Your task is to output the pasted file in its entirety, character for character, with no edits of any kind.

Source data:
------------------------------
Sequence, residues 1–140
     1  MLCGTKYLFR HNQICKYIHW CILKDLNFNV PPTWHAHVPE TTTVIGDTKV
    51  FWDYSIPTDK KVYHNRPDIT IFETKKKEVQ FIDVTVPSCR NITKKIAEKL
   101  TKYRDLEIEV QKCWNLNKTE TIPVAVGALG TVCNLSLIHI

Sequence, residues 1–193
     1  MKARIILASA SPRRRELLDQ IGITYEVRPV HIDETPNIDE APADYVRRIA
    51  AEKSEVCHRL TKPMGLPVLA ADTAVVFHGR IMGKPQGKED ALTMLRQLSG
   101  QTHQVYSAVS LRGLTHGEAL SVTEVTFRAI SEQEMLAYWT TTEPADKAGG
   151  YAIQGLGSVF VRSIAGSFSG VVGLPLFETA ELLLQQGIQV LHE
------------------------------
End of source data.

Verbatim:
Sequence, residues 1–140
     1  MLCGTKYLFR HNQICKYIHW CILKDLNFNV PPTWHAHVPE TTTVIGDTKV
    51  FWDYSIPTDK KVYHNRPDIT IFETKKKEVQ FIDVTVPSCR NITKKIAEKL
   101  TKYRDLEIEV QKCWNLNKTE TIPVAVGALG TVCNLSLIHI

Sequence, residues 1–193
     1  MKARIILASA SPRRRELLDQ IGITYEVRPV HIDETPNIDE APADYVRRIA
    51  AEKSEVCHRL TKPMGLPVLA ADTAVVFHGR IMGKPQGKED ALTMLRQLSG
   101  QTHQVYSAVS LRGLTHGEAL SVTEVTFRAI SEQEMLAYWT TTEPADKAGG
   151  YAIQGLGSVF VRSIAGSFSG VVGLPLFETA ELLLQQGIQV LHE